Speaking after three of the shareholder roadshow meetings in the South Island he said farmers welcomed the new strategy as authentic and self-explanatory and, therefore, convincing.
“Some want more detail on how we got here but the overall impression is that the strategy is back to basics, co-operative, New Zealand milk and all those good things.”
While they understood them, perhaps farmers never felt attached to the previous strategies but they certainly resonated with the new, Cronin said.
As to how they might respond in practical ways they need to keep doing what they do well and relate to the company through Farm Source and the Co-operative Difference.
Some technical changes such as milk vat cooling and telemetry are under way and farmers should continue to monitor the fat evaluation index and meet all their food safety obligations.
The Co-op Difference will continue to recognise those farmers who go above and beyond but it also aims to keep the milk supply and quality platform solid.
The Honour Roll publication of suppliers’ names for milk quality excellence was well received, he said.
Worth about 10c/kg milksolids to farmers who participated, Farm Source benefits totalled $41 million last season, including $11m of Farm Source dollar rewards, $18m of discounts and $9m of partnership benefits.
Fonterra has said milk production is up about 2% on last season but regular cold snaps mean soil temperatures have not yet risen, leading to stop-start grass growth and a slight slowing in the build-up to peak spring collection.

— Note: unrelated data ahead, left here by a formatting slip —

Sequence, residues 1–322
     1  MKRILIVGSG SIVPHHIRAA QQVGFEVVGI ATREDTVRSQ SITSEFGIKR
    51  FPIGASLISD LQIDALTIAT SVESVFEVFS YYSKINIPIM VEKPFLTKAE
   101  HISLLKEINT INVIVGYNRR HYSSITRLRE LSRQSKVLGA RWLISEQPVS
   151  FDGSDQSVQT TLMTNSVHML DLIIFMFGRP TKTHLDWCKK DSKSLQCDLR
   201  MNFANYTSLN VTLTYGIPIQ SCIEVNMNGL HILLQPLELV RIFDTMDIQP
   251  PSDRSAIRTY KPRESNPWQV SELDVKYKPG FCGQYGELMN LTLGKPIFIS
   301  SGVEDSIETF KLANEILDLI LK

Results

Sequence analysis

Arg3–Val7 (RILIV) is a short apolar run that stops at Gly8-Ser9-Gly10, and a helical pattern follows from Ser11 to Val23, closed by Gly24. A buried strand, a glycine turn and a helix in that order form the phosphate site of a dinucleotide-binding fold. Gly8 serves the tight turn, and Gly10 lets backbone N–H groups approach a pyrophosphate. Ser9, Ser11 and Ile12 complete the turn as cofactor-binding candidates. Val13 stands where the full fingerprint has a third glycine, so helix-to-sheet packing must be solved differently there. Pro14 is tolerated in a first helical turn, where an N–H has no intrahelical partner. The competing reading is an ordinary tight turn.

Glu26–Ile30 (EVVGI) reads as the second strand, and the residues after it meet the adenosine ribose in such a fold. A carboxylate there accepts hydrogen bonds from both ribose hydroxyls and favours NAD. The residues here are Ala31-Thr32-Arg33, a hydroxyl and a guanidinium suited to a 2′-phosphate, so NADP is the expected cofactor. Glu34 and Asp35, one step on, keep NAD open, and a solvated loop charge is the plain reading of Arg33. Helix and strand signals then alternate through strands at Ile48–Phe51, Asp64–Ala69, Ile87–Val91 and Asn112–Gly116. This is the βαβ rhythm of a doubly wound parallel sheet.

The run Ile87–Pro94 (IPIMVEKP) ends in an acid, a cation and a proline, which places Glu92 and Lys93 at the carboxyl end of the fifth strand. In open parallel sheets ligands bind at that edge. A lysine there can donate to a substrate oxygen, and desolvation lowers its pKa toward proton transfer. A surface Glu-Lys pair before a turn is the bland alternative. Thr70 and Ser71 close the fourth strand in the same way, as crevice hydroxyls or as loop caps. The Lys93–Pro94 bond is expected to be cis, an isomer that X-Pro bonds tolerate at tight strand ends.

A further 1000 farm environment plans are targeted this season, to lift the number of farms from 23% to 32% of Fonterra’s total, on the way to full coverage by 2025.
“These are quality plans done by qualified advisers and not just a box-ticking exercise.
“Whatever the standards that central government or regional government set, we think our approach will qualify and avoid duplication in the future.”
Cronin said the fixed milk price scheme covered 800 participating farmers after four months of opportunities, two last season and two so far this season.
“These are by and large medium-sized farms of less than 200,000kg milksolids and the last two offerings have been over-subscribed so we think FMP is meeting a need.”
MyMilk continues to do what it was designed to do – bring in new suppliers in the South Island.
Participation is 115 farms expected to deliver about 30m kg milksolids this season, up from 26m last season.
The number of farms that have converted fully to Fonterra, completely shared up, is 13, delivering 3.3m kg.
Cronin said a key objective of the new strategy is to retain milk market share for Fonterra and he believes the trust and confidence rebuild for farmers will achieve that.
“Efficiency is a big component of the strategy, to keep plants full of milk and ensure product optionality.
“Even though the milk price is good, farmers face challenging times with climate change, low industry reputation, environmental compliance and so the co-operative aims to have a package and help where we can.”